The SL5B Drama: Crowdsourcing Fiasco Or Devious Plan?

What next?

Nobody believes that SL5B will be anything but a huge success. Only a tiny fraction of the resident population actually reads blogs, specially the more “generalistic” blogs that talk about everything. What might surprised the minority of regular SL blog readers is that the number of people who have no clue about what “Gor” or “ageplay” means is huge — very likely, 80% of the SL population never heard of either, like 80% of the Internet population hasn’t. Linden Lab just assumes that, if all Residents are equal on average, “losing” 20% of the participants is not a big deal. Only a fraction even knows that there is an issue at all. Most of the Residents visiting SL5B (again, at least 80%) will never notice that some relevant SL communities are missing from the exhibits.

This is consistent with LL’s strategy in the past few years. Now that SL is basically “the masses” (in the sense that it has 13.5 million registered users and is growing; it still attracts 10-15 thousand new users every day), slicing off a fraction of that population who goes away in disgust becomes a better and better strategy. This was even more so in 2006 and early 2007, when the growth was exponential, but still today, LL can afford to make a huge part of the Residents fundamentally unhappy. I’m pretty sure that their business model is quite able to handle a 20% cut of income from one month to the next.

The only wrong assumption — to which I’ve alluded before — is that not all Residents are “equal”. No matter how egalitarian SL is (as a society model), in the sense that it gives equal opportunities to every avatar, Residents most definitely are not equal! And the way Linden Lab has recently (well, in the past two years) “throwing out the baby with the bathwater”, they’ll see it’s going to be substantially harder to replace all those eager volunteers that are still stubbornly willing to help out — no matter how hard they’re kicked by Linden Lab.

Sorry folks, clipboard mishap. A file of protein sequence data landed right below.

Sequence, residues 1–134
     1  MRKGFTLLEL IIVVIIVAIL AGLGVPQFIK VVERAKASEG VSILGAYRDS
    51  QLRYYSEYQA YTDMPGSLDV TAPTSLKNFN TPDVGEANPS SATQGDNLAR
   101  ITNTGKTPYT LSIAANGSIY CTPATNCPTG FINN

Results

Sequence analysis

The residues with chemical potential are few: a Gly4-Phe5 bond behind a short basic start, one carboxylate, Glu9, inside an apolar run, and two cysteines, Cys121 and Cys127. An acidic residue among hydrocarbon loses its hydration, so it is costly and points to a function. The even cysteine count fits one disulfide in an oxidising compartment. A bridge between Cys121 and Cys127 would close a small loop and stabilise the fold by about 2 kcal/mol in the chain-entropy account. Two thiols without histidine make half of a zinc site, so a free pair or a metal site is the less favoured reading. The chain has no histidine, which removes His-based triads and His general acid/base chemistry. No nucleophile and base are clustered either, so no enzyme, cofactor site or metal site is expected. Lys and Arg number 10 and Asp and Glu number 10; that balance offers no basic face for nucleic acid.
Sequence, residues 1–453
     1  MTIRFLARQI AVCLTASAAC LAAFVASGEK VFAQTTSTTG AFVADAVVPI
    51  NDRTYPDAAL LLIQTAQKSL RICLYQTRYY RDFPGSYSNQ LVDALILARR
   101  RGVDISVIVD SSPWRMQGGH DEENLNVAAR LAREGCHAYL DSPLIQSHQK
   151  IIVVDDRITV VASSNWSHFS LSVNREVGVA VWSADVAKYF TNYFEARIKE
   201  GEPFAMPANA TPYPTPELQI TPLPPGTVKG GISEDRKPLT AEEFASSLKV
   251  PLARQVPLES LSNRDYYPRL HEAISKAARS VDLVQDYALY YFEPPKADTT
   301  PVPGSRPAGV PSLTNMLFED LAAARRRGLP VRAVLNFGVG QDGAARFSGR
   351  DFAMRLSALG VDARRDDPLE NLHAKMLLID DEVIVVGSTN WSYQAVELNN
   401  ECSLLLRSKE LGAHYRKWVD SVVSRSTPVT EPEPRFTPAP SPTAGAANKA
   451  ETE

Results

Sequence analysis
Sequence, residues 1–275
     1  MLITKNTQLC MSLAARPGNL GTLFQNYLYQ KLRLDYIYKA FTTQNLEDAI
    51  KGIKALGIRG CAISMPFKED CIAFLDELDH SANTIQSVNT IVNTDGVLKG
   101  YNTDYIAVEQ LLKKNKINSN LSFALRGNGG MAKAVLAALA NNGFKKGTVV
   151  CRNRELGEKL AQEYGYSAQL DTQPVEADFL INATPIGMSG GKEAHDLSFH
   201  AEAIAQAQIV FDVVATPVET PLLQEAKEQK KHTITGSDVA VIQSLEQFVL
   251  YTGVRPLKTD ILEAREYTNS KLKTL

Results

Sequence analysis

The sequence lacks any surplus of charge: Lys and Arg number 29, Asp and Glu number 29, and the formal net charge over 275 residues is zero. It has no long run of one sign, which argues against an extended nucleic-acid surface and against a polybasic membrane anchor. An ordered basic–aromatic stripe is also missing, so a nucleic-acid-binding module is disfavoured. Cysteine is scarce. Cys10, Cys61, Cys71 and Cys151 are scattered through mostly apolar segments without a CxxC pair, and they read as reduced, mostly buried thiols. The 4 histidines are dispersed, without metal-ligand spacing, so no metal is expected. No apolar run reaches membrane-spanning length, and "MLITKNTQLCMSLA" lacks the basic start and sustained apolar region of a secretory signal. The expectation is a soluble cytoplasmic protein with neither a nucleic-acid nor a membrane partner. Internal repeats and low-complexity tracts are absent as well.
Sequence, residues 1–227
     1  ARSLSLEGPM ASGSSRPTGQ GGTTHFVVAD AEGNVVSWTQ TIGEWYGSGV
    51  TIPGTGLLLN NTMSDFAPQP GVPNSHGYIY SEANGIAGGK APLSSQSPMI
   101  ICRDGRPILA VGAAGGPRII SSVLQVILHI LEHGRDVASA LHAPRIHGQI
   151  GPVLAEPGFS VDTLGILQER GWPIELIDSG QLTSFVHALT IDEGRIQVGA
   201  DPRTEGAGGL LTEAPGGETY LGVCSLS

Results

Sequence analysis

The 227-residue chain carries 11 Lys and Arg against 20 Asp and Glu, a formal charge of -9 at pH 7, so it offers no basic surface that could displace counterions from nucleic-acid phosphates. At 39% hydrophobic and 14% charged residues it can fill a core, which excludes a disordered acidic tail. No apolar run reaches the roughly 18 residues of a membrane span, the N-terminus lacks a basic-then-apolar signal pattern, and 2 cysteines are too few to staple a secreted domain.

So, what will be the alternative?

Shoshana Epsilon, a veteran of the Birthday Celebrations, is leading the way with a challenging idea for next year. She simply suggests that Residents abandon LL’s own festival, and create their own, sponsored by Residents, organised by Residents, for Residents and their communities to attend… and let LL have fun by themselves with their own PG celebrations. Plainly stated, the delightful Sho, one of SL’s best photographers (if not the best), and definitely in the class of unreplaceable people in SL, suggests that we — the Residents — just pick up where LL left, and do an all-inclusive Residents-for-Residents “fringe festival”. The other team members who got the whole SL5B show rolling are signataries of Sho’s letter. I couldn’t agree more with Sho.

Linden Lab has repeatedly stated, by words, deeds, and acts, that they really don’t care about what happens to their users. And it’s not for the money — if it were, LL would have gone away long ago. It’s the strange way they think. It’s their fundamentally flawed perception of reality and what their customers need. It’s that scary lack of ability to do communication — the good news are so often played down, and they can only bring out bad news, one after the other, and have us swallow these up and keep smiling (like Dusan Writer so plainly states on the last paragraph!).

The question that begs asking is: “Why does Linden Lab hate us so much?”

Watch Rheta Shan‘s comment on Dusan’s post, which brings some light:

[…] the early adopter community is as much a liability as it is an asset, and need to be slowly dissociated from the product without openly disgruntling it.

And that, in a nutshell, is what Linden Lab seems to be really after: getting rid of those pesky “early adopter” types, the ones that promoted Second Life year after year, push them out of the limelight (as Rheta puts it so well), make sure they don’t interfere any more with the Disneyfication of Second Life (so that it becomes an acceptable product for the corporate and the mass markets), and do it swiftly without fear of backfiring. The best way to do that is to gather the highest number of SL fanboyz and fangirlz, put them in the front line of some quite public event, then chop them down, humiliate them publicly, make them suffer. We’re just talking about a handful of “opinion makers and movers” here… perhaps hundred or two hundred thousand of them. Get rid of them all, and Second Life will be a better corporate product — one without furries, robots, ageplayers, BDSMers, cyber- and steampunkers, genderbenders, escorts and dancers, and whatever else is deemed unpalatable to the corporate MindThink™.